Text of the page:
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Emergent constraint on Arctic Ocean acidification in the twenty-first century

Abstract.

"The ongoing uptake of anthropogenic carbon by the ocean leads to ocean acidification, a process that results in a reduction in pH and in the saturation state of biogenic calcium carbonate minerals aragonite (Ωarag) and calcite (Ωcalc). Because of its naturally low Ωarag and Ωcalc (refs.), the Arctic Ocean is considered the region most susceptible to future acidification and associated ecosystem impacts. [...]"

Source: Nature
Authors: Jens Terhaar et al.
DOI: 10.1038/s41586-020-2360-3

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Is there warming in the pipeline? A multi-model analysis of the Zero Emissions Commitment from CO2

Abstract.

"The Zero Emissions Commitment (ZEC) is the change in global mean temperature expected to occur following the cessation of net CO2 emissions and as such is a critical parameter for calculating the remaining carbon budget. The Zero Emissions Commitment Model Intercomparison Project (ZECMIP) was established to gain a better understanding of the potential magnitude and sign of ZEC, in addition to the processes that underlie this metric. [...]"

Source: Biogeosciences
Authors: Andrew H. MacDougall et al.
DOI: 10.5194/bg-17-2987-2020

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Seeding oceans with iron may not impact climate change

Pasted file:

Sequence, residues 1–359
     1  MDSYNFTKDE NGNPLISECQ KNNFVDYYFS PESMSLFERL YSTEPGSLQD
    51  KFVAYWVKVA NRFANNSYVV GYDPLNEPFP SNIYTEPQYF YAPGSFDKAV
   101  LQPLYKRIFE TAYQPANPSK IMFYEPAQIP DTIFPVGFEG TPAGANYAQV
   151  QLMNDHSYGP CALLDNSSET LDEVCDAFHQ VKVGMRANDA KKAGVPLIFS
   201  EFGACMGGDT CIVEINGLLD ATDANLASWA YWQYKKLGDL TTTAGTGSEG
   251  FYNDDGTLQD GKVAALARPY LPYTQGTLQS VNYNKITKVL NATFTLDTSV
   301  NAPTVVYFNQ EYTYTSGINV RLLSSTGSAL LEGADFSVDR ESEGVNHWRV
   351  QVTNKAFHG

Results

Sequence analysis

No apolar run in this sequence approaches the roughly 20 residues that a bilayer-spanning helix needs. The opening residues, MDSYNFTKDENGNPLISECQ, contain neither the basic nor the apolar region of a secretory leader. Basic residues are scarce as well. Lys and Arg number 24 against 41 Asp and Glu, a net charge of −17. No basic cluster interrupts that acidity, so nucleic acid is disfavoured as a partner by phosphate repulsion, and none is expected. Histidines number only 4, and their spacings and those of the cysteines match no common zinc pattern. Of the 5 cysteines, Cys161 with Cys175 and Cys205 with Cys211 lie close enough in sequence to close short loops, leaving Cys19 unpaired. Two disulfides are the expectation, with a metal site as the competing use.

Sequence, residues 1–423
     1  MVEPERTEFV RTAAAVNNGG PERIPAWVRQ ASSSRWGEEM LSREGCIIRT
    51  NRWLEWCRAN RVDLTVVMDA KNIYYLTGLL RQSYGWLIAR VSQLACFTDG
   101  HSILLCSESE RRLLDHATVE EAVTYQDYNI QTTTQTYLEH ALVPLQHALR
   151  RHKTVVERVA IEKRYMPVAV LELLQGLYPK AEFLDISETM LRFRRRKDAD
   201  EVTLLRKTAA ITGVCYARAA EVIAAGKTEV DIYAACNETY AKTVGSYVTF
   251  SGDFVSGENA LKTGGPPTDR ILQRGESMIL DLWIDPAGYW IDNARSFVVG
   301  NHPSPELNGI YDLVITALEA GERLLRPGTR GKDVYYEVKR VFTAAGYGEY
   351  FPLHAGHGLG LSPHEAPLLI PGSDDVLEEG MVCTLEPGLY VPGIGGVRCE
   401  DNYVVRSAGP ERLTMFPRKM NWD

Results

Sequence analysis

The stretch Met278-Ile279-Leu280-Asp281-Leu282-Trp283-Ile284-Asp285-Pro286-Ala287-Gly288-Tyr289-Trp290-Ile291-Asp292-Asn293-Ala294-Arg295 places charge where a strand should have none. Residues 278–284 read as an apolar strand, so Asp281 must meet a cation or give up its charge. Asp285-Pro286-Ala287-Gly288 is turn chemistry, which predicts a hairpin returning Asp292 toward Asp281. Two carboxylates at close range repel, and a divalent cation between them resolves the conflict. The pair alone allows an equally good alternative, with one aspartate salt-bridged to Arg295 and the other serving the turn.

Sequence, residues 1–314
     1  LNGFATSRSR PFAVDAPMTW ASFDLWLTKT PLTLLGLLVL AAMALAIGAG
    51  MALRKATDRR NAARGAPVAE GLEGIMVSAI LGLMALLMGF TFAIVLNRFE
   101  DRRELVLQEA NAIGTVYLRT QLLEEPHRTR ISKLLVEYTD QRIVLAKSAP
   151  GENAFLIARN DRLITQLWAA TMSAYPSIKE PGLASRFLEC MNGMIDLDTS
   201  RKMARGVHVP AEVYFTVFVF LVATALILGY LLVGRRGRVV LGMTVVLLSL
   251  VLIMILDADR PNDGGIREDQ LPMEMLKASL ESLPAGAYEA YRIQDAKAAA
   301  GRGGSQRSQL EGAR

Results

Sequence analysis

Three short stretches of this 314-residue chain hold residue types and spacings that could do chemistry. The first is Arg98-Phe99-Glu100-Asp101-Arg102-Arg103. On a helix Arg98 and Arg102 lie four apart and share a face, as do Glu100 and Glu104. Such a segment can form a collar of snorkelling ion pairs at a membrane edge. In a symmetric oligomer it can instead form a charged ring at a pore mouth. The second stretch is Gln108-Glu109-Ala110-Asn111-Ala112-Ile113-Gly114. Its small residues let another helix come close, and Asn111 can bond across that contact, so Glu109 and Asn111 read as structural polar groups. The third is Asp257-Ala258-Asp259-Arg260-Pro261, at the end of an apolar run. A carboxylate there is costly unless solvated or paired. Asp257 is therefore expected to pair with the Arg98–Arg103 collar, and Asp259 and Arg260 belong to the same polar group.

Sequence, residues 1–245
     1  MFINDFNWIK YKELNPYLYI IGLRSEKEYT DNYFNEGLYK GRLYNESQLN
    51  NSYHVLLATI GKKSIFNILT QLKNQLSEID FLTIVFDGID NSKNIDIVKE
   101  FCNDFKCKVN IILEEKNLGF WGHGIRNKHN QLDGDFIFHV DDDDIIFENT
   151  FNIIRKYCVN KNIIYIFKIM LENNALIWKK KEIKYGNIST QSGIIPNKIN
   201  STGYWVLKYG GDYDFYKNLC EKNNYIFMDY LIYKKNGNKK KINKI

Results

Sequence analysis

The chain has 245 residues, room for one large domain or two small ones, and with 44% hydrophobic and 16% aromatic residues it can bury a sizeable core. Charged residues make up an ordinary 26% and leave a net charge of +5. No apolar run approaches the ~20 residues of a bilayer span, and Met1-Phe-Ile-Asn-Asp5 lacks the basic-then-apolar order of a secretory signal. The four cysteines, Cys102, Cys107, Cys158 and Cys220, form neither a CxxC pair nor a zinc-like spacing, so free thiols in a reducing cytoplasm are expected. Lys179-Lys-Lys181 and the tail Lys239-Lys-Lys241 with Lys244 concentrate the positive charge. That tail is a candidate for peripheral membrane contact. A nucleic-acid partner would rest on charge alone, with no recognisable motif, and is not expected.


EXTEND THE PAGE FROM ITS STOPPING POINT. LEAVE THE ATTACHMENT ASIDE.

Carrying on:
"Study finds Earth's oceans contain just the right amount of iron; adding more may not improve their ability to absorb carbon dioxide

Historically, the oceans have done much of the planet's heavy lifting when it comes to sequestering carbon dioxide from the atmosphere. Microscopic organisms known collectively as phytoplankton, which grow throughout the sunlit surface oceans and absorb carbon dioxide through photosynthesis, are a key player.

To help stem escalating carbon dioxide emissions produced by the burning of fossil fuels, some scientists have proposed seeding the oceans with iron -- an essential ingredient that can stimulate phytoplankton growth. Such "iron fertilization" would cultivate vast new fields of phytoplankton, particularly in areas normally bereft of marine life. [...]"

Source: Sciencedaily

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No detectable Weddell Sea Antarctic Bottom Water export during the Last and Penultimate Glacial Maximum

Abstract.

"Weddell Sea-derived Antarctic Bottom Water (AABW) is one of the most important deep water masses in the Southern Hemisphere occupying large portions of the deep Southern Ocean (SO) today. While substantial changes in SO-overturning circulation were previously suggested, the state of Weddell Sea AABW export during glacial climates remains poorly understood. [...]"

Source: Nature Communications
Authors: Huang Huang et al.
DOI: 10.1038/s41467-020-14302-3

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Importance of wind and meltwater for observed chemical and physical changes in the Southern Ocean

Abstract.

"The Southern Ocean south of 30° S represents only one-third of the total ocean area, yet absorbs half of the total ocean anthropogenic carbon and over two-thirds of ocean anthropogenic heat. In the past, the Southern Ocean has also been one of the most sparsely measured regions of the global ocean. [...]"

Source: Nature Geoscience
Authors: Ben Bronselaer et al.
DOI: 10.1038/s41561-019-0502-8

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Unravelling the sources of carbon emissions at the onset of Oceanic Anoxic Event (OAE) 1a